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  • URL request

    Is this necessary that every URL request must by preceeded with some controller?
    When I use org.springframework.web.servlet.handler.SimpleUrlH andlerMapping

    HTML Code:
    <bean class="org.springframework.web.servlet.handler.SimpleUrlHandlerMapping">
    	<property name="mappings">
    		<props>
    			<prop key="/login.html">loginController</prop>
    		</props>
    	</property>	
    	</bean>
    there must be always some controller ( like loginController ). How to proceed request directly to some html file (without view resolver etc.).

  • #2
    You can use a org.springframework.web.servlet.mvc.Parameterizabl eViewController which takes a single property, the view name. Example:

    Code:
    <bean id="userUrlMapping" class="org.springframework.web.servlet.handler.SimpleUrlHandlerMapping">
        <property name="mappings">
            <props>
                <prop key="/login.html">loginController</prop>
            </props>
        </property>
    </bean>
    
    <bean id="loginController" class="org.springframework.web.servlet.mvc.ParameterizableViewController">
        <property name="viewName" value="login" />
    </bean>
    That will render the view with the named loginPage. How that view is resolved depends on your view resolver. Typically, that's a ResourceBundleViewResolver, a UrlBasedViewResolver, or BeanNameViewResolver. The latter being the simplest for little apps. The former are more realistic for any normal application.

    An example of the UrlBasedViewResolver might look like:

    Code:
    <bean id="viewResolver" class="org.springframework.web.servlet.view.InternalResourceViewResolver">
        <property name="prefix"><value>/WEB-INF/jsp/</value></property>
        <property name="suffix"><value>.jsp</value></property>
    </bean>
    This will look for a page called login.jsp in the directory /WEB-INF/jsp and render it.

    If you go directly to some page without going through the controller, you're bypassing the whole MVC framework. For entirely static pages, this might be okay. For anything that's dynamic, it's probably a Bad Idea. The controller should fetch the model from wherever (usually the service layer), and pass it to the view for rendering. You'll find out more about this if you search for "web mvc" or "web model 2".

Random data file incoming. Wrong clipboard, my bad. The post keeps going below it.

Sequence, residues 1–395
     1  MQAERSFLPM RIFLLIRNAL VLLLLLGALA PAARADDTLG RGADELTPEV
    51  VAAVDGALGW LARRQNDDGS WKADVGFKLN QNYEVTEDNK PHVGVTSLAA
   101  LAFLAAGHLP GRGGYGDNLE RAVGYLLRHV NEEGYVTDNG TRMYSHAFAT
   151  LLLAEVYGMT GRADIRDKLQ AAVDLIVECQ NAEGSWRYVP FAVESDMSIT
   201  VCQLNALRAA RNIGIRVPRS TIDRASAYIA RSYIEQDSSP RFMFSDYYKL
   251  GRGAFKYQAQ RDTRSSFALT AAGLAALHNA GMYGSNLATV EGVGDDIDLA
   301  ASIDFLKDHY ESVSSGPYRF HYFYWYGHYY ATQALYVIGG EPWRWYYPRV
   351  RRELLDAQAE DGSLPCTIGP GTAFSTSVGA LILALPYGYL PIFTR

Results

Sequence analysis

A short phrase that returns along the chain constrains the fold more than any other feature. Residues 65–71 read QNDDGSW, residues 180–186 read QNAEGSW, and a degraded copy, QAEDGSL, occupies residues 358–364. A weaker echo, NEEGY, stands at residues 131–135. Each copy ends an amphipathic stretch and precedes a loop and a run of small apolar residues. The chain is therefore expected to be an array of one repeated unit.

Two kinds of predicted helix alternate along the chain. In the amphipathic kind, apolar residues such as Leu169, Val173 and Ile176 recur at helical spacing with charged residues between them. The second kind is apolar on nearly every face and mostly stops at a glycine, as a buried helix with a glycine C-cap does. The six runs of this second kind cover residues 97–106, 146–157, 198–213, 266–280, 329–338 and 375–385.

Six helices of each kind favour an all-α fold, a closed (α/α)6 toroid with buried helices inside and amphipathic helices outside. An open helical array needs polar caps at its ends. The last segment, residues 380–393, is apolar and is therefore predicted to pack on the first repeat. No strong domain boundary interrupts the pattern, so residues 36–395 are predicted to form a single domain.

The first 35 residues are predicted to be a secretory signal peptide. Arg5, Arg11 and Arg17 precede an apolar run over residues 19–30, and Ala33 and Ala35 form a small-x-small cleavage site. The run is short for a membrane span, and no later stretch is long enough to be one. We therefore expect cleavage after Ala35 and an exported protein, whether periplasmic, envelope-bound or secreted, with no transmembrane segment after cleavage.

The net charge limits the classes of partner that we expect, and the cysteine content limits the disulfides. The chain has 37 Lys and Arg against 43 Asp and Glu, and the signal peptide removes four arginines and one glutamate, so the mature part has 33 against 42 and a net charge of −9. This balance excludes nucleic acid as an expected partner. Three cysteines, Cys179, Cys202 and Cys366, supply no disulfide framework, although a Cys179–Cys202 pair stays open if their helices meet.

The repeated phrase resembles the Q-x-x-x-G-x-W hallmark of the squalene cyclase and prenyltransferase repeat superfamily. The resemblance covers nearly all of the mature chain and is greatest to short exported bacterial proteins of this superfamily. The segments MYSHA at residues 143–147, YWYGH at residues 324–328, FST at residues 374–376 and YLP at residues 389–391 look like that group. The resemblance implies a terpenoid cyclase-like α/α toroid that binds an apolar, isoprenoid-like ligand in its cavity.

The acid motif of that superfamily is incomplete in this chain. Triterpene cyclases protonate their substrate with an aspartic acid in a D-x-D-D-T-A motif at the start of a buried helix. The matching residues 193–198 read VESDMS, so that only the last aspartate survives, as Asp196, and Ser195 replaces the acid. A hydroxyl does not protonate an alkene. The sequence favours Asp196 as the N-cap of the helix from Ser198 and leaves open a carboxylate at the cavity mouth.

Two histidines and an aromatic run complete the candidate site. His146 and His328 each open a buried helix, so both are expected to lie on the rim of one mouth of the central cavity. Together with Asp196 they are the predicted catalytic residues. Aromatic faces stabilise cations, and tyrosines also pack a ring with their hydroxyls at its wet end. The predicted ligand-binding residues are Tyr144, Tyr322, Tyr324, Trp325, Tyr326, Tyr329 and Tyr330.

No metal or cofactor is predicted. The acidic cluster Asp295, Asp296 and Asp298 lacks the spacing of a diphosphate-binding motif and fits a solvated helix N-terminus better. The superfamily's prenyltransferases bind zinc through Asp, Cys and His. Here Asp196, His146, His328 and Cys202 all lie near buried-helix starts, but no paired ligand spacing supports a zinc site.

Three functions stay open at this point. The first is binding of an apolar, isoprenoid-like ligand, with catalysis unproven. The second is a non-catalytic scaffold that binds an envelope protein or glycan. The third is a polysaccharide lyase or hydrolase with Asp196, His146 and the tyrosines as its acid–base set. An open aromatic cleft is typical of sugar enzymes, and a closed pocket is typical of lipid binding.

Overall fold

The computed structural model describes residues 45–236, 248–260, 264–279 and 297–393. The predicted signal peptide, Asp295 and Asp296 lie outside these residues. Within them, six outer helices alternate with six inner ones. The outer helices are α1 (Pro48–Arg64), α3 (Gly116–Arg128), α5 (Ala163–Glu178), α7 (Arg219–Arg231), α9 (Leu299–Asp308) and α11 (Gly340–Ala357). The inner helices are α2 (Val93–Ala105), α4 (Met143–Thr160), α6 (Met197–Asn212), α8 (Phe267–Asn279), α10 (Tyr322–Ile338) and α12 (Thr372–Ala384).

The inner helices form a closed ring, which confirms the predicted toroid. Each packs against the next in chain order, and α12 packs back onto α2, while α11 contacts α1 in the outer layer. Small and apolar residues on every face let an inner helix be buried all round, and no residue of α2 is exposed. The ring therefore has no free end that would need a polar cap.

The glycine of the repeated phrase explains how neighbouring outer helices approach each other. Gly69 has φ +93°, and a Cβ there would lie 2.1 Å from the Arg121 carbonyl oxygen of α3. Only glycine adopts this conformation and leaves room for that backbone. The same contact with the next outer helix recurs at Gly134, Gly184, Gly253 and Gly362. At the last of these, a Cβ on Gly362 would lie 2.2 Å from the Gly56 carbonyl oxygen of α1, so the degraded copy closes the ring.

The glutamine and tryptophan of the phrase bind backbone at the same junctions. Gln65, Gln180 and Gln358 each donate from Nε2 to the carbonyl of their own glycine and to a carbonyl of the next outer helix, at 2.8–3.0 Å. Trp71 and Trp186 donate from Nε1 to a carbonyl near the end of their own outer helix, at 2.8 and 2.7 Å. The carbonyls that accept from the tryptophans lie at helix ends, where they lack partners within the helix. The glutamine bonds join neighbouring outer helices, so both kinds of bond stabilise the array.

Christian

    Comment


    • #3
      Originally posted by cnelson
      You can use a org.springframework.web.servlet.mvc.Parameterizabl eViewController which takes a single property, the view name. Example:

      Code:
      <bean id="userUrlMapping" class="org.springframework.web.servlet.handler.SimpleUrlHandlerMapping">
          <property name="mappings">
              <props>
                  <prop key="/login.html">loginController</prop>
              </props>
          </property>
      </bean>
      
      <bean id="loginController" class="org.springframework.web.servlet.mvc.ParameterizableViewController">
          <property name="viewName" value="login" />
      </bean>
      That will render the view with the named loginPage. How that view is resolved depends on your view resolver. Typically, that's a ResourceBundleViewResolver, a UrlBasedViewResolver, or BeanNameViewResolver. The latter being the simplest for little apps. The former are more realistic for any normal application.

      An example of the UrlBasedViewResolver might look like:

      Code:
      <bean id="viewResolver" class="org.springframework.web.servlet.view.InternalResourceViewResolver">
          <property name="prefix"><value>/WEB-INF/jsp/</value></property>
          <property name="suffix"><value>.jsp</value></property>
      </bean>
      This will look for a page called login.jsp in the directory /WEB-INF/jsp and render it.

      If you go directly to some page without going through the controller, you're bypassing the whole MVC framework. For entirely static pages, this might be okay. For anything that's dynamic, it's probably a Bad Idea. The controller should fetch the model from wherever (usually the service layer), and pass it to the view for rendering. You'll find out more about this if you search for "web mvc" or "web model 2".

      Christian
      I need this just for entirely static page, so that's why I've been asking about it. Thanks for help.

      Comment

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